Up to $70,000 in payments to lure doctors to rural Qld

·2-min read

Tens of thousands of dollars in incentives are on offer to lure interstate and overseas health workers to Queensland in the latest state government attempt to boost public sector staff.

Payments totalling $70,000 are up for grabs for medical practitioners who move to regional or rural areas, and up to $20,000 is available for a range of other health workers who relocate to anywhere in the state.

The announcement by Premier Annastacia Palaszczuk came a day after the state flagged incentives to cover relocation costs for interstate and international police officers.

"With global competition for health workers at an all-time high, our government is dedicated to doing everything that we can to attract and retain frontline health workers," Ms Palaszczuk said in Cairns on Wednesday.

Under the scheme, interstate and international healthcare workers who move to Queensland, including the southeast, will receive a $10,000 incentive when they start.

Another $10,000 will be received after a year of work.

Eligible workers include doctors, nurses, specialists, dentists and allied health professionals.

Medical practitioners who move to rural or remote areas will receive an additional $25,000 after three months, then another $25,000 after a year.

This payment is available to those already working in Queensland.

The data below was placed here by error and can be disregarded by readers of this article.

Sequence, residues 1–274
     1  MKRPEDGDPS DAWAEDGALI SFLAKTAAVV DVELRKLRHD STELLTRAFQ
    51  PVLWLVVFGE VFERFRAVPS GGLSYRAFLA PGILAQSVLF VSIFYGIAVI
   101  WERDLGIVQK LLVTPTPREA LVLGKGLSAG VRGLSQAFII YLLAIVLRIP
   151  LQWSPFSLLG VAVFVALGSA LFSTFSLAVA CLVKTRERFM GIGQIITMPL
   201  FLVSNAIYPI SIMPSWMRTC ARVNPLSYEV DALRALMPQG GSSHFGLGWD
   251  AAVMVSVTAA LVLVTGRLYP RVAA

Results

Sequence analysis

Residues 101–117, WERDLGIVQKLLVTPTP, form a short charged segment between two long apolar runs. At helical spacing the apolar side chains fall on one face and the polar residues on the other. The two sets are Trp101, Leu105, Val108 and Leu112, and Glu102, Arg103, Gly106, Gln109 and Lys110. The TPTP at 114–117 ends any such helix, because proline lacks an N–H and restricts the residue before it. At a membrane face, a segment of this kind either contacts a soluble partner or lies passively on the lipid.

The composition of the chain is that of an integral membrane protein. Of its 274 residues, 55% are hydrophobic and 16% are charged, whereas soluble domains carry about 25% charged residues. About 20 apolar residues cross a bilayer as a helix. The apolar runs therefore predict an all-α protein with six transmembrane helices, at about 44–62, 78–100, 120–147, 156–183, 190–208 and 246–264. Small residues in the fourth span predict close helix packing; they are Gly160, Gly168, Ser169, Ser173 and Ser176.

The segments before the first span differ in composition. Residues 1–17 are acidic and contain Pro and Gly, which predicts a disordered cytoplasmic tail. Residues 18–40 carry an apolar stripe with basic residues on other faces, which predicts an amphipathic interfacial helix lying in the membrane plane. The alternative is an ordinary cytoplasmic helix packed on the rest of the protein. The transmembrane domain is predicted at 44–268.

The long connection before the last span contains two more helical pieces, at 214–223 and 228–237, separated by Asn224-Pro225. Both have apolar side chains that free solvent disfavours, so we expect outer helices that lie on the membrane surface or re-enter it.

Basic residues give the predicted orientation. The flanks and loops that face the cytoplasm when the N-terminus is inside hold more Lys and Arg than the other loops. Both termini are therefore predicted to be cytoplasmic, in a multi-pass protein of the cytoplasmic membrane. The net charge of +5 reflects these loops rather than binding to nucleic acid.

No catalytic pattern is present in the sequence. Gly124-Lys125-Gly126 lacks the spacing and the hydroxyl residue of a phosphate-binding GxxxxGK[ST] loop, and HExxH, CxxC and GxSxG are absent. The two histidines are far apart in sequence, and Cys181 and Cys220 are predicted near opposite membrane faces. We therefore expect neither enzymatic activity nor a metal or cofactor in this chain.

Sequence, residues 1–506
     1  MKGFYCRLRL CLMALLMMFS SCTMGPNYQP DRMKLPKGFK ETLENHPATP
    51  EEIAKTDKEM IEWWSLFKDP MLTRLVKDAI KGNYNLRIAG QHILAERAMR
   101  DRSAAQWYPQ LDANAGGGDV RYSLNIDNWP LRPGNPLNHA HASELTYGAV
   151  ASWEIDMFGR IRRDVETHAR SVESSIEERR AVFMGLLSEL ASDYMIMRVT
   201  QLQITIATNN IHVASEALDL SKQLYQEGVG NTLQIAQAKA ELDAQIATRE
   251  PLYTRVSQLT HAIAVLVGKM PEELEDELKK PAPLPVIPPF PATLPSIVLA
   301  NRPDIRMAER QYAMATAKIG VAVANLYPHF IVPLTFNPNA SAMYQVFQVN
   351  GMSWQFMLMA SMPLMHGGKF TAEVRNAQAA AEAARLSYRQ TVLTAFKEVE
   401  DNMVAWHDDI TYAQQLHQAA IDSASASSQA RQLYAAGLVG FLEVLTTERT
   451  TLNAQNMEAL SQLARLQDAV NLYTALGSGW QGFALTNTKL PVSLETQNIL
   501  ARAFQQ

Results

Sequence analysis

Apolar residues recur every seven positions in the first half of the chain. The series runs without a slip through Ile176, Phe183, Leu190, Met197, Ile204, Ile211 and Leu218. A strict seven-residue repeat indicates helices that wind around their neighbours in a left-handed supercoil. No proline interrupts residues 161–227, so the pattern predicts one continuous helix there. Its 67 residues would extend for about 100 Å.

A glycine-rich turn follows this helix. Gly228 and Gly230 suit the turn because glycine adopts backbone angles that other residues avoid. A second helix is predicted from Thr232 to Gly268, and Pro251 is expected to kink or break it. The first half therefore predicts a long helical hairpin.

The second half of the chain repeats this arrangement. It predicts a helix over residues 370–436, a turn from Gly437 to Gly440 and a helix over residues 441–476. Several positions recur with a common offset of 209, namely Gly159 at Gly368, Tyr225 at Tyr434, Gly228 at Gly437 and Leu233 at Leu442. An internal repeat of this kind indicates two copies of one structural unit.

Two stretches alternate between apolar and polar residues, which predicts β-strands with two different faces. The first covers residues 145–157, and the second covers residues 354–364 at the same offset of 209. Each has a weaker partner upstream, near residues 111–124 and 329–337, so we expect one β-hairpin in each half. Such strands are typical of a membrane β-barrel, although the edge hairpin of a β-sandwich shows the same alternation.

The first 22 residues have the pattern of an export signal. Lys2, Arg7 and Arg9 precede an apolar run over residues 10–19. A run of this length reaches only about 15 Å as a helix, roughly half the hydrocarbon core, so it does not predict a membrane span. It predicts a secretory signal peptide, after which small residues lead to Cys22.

Interstate and international medical practitioners will be eligible for both payments and stand to benefit by an additional $70,000 if they move to Queensland.

The move has been welcomed by the Australian Medical Association of Queensland, and president Maria Boulton said it would help address shortages.

"We have seen far too many general practices close their doors, leaving patients with long drives to the nearest GP," Dr Boulton said in a statement.

"Regional economies depend on our hospitals and health services to create vibrant, liveable towns that entice people to relocate and remain in the district."

Opposition Leader David Crisafulli said while he wouldn't stand in the way of moves to attract more staff, the state government should do more to value the people it has.

"If I speak to people about why they are leaving Queensland Health, it's because they've never felt more under stress, they've never felt less valued, so let's fix the culture," he told reporters in Cairns.

Boosting the Queensland Health workforce meant authorities had to "think outside of the square", Health Minister Yvette D'Ath said.

"Innovative policies like this means every dollar works hard for Queenslanders delivering the right care at the right time, in the right place," she said.

"We welcome healthcare workers to experience why we all love Queensland while also making a new life delivering positive results and peace of mind for our regional and remote communities."